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    I did it last night on my soapbar 594. Helps a ton. I need to spend more time verifying that you can still get “as warm” of a tone with it installed. It definitely makes the tone control more usable. I pretty much leave it wide open now because so much treble goes away when rolling off the volume. I constantly work both the volume and tone on my Cu24.
     
  8. Ironwolf

    Ironwolf I'm a Dog! I do Dog Things!

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    okay I'm a little bit confused, you put a capacitor (size) across the middle and Center lug of your bridge volume, to create the classic treble bleed circuit, or possibly it sounds like perhaps you tried the 50s wiring?
    just trying to get clear what happened and what the results were.
     
  9. LSchefman

    LSchefman Hears Tones

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    Hahaha! Actually, I haven’t. I use a buffer and a Pettyjohn EQ pedal to dial in the treble if I need a little more.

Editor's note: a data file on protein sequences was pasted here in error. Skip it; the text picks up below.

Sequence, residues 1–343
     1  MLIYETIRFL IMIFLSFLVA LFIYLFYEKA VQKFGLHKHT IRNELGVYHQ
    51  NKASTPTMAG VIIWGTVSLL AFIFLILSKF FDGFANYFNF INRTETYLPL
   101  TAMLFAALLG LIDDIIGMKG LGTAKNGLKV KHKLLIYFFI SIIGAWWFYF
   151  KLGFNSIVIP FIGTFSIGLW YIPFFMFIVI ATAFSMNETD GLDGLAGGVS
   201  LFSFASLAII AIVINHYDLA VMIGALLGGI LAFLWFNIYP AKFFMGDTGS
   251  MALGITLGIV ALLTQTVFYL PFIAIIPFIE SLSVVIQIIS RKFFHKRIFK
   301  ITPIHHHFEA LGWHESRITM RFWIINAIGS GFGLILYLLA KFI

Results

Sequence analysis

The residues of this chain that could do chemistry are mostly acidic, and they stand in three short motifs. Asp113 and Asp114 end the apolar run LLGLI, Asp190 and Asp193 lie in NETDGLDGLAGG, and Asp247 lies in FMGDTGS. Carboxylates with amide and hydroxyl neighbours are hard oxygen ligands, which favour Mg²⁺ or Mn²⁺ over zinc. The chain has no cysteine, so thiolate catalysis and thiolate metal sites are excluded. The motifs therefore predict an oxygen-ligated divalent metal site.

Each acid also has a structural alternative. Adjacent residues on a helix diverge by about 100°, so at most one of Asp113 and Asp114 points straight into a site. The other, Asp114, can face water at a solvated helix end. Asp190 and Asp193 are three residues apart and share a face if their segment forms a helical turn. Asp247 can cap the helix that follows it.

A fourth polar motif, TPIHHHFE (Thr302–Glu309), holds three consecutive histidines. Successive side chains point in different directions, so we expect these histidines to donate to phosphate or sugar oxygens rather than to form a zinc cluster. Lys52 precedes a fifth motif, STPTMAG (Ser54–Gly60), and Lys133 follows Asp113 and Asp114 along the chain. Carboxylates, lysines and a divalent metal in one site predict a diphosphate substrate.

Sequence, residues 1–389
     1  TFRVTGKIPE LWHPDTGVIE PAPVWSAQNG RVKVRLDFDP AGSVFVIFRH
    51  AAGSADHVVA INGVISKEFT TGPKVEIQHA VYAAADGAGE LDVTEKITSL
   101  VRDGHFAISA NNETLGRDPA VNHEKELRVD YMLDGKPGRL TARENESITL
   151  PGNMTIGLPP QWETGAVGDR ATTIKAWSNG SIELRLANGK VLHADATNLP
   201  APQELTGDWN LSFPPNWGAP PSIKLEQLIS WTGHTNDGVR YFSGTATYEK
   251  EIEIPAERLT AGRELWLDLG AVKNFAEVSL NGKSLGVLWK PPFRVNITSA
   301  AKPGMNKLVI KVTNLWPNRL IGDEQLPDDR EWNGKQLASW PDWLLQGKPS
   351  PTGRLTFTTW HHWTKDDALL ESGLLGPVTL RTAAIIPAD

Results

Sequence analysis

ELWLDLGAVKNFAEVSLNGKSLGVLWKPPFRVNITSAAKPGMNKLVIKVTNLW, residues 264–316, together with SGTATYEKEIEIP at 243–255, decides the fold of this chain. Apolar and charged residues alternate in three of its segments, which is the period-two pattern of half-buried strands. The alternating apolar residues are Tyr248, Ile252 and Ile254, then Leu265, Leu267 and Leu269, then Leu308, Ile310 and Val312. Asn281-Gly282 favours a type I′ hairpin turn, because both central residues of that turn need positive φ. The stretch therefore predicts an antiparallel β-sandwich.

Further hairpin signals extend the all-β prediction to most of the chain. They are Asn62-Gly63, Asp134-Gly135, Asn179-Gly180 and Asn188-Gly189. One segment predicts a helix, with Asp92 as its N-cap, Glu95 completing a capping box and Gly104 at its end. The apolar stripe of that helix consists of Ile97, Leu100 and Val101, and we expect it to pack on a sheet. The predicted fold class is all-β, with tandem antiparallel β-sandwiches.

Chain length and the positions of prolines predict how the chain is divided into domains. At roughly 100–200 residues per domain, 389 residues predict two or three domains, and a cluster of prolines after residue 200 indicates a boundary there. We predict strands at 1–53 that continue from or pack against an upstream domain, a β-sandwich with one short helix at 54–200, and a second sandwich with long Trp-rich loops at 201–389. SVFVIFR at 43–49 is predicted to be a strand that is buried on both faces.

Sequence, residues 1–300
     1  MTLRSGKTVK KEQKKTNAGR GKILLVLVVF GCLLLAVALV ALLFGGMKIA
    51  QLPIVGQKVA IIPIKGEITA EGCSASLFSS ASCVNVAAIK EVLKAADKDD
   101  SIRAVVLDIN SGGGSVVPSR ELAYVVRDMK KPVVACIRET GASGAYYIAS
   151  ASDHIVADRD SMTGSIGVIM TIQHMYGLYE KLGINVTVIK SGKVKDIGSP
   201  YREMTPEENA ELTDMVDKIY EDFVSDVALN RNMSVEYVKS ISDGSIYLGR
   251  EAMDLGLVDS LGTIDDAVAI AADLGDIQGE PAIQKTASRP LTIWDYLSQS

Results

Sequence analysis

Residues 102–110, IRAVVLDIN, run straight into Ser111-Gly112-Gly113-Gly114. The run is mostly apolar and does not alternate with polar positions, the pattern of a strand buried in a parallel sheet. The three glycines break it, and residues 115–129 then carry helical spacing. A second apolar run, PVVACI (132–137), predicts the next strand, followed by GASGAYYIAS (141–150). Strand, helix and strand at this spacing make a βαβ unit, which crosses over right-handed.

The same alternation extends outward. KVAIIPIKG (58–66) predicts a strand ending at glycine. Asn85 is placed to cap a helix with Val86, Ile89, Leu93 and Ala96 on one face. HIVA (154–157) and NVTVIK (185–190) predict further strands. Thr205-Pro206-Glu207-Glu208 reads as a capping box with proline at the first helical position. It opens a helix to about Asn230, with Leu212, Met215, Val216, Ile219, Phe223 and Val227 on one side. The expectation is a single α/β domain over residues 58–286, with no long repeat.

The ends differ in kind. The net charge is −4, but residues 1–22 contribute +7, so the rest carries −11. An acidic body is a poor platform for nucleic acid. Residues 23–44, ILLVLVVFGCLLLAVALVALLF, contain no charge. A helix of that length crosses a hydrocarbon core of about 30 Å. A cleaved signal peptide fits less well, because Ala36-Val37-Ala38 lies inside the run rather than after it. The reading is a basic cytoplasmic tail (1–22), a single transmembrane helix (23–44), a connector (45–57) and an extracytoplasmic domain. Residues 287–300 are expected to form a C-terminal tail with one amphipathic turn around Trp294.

As a studio rat, I’m all about EQ.
     
  10. BrianC

    BrianC more toys than talent

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    I would definitely do it. My SCT needed one and I added the 180pf and I love it.

    My SC 594 had the LTs but I sold them, I am planning on getting a set of Suhr Aldrich pups and will look into the cap at that time. I may also do one volume and two tone set up with one dummy knob. It just works for me - simplicity.
     
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  11. rmg471

    rmg471 New Member